The effect Lewis and Clark students will have on the agency's liquor enforcement is less certain.

The OLCC downplays its enforcement efforts when it comes to college campuses. In a recent memo asking for expanded power, the agency acknowledged it has a "broad grant of authority" to enforce liquor laws. "In practice," the agency wrote, "the liquor inspectors focus their enforcement efforts on licensed premises." That's not the case near many Oregon colleges and universities, where the agency's officers issue tickets at house parties and patrol streets for minors to stop.

Asked about those tactics, OLCC spokesperson Christie Scott said the agency has developed partnerships with colleges all over the state, and that campuses value the help. She forwarded a 2013 letter from the head of Lewis and Clark's campus safety department, commending the agency's efforts.

"It is unfortunate that this student had the experience that you describe," Scott said, suggesting Gresser file a complaint with the agency. "OLCC staff have a great relationship with Lewis and Clark Campus Safety and try very hard to work cooperatively with students."

Gresser also forwarded a document: The results of an online survey conducted by Lewis and Clark's student government, which asked students about interactions with OLCC officers. The responses, which were anonymous, came back universally negative.

"I was grabbed by the chin by an officer and addressed as 'hun,'" said one characteristic response. "I felt uncomfortable with the situation and I felt patronized."

"As an RA [resident assistant], I can state that I feel their presence has had a detrimental effect on my ability to live and work in this community," said another. "Their policing creates an atmosphere of distrust and fueled acrimonious feeling toward authority figures."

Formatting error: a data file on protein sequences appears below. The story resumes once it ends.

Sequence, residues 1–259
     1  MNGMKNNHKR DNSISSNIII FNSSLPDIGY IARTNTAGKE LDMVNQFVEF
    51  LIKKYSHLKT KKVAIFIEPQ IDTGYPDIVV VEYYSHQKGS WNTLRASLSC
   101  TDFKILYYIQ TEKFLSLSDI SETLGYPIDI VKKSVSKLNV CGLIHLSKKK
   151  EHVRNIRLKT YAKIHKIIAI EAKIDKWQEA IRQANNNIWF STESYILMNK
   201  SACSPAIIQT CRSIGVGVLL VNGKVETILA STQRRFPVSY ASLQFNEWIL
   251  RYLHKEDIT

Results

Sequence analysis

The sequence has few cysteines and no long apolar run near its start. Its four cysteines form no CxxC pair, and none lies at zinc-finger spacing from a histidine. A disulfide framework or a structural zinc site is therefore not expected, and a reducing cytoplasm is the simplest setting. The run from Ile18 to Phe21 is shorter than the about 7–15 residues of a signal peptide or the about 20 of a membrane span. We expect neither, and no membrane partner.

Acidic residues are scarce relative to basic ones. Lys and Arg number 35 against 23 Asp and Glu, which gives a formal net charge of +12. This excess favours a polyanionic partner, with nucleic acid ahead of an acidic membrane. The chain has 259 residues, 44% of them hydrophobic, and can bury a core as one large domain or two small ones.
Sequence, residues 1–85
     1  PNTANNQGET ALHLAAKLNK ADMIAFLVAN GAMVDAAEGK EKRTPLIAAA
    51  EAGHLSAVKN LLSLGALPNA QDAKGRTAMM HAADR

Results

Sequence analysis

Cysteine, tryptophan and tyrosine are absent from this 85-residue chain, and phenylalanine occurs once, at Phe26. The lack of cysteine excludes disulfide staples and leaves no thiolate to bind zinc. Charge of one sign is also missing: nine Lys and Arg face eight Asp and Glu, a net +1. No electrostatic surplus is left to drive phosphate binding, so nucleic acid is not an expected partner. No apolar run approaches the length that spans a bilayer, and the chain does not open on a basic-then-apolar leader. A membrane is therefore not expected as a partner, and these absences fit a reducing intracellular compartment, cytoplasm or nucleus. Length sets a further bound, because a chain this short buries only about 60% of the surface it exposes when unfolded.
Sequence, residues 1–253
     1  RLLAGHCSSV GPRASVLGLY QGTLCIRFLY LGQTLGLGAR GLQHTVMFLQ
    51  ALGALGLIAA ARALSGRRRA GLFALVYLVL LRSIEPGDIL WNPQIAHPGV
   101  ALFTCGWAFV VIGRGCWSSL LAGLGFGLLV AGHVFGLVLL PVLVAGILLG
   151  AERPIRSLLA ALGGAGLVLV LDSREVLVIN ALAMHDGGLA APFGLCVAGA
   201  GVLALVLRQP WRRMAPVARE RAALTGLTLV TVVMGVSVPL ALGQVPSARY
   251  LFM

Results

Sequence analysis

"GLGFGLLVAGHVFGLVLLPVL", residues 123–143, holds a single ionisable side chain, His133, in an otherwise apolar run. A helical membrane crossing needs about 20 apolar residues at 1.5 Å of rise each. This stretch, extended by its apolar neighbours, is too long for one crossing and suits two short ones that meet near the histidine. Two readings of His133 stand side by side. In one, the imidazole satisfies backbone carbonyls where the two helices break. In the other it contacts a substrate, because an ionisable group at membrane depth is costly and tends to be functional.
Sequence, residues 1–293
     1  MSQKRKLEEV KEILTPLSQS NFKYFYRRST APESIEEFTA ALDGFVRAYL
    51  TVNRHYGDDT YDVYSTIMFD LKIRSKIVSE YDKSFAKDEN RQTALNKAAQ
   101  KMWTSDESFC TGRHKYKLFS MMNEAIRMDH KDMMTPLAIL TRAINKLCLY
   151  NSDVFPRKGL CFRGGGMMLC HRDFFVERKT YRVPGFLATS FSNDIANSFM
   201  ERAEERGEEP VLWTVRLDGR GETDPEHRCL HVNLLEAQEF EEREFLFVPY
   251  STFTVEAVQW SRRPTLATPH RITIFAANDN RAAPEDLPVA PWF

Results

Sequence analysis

It's not just students voicing concern. The college's lawyer says Lewis and Clark firmly believes the OLCC should be able to crack down on underage drinking, but he was concerned by Gresser's story.

"If that kind of stuff is happening it's a big abridgment of rights," says General Counsel David Ellis. "If my daughter was being followed by a car walking down the street at night, I'd tell her to get the hell out of there."

For her part, Gresser admits to drinking on the night of her encounter with the OLCC, but says it was only a couple of beers. Investigators, meanwhile, wrote in an incident report she was slurring and pugnacious, smelling heavily of alcohol, which she denies.

Whatever the case, Gresser says she agrees with the OLCC's ability to write her a ticket as a minor who'd broken the law. She and her student government colleagues just think it needs to abide by more guidelines when doing so.

"The end game is to change the law," says Nick LeSage, a Lewis and Clark sophomore and student government member. "We want statutory language that they must issue a field sobriety test, and they must be wearing uniforms and be driving marked cars."

They've asked Lininger to look into crafting a bill that requires as much. The lawmaker's interested, and has scheduled a meeting with the OLCC to address the students' concerns.

"I take it seriously," Lininger says. "Nobody wants young people getting scared and intimidated by authority."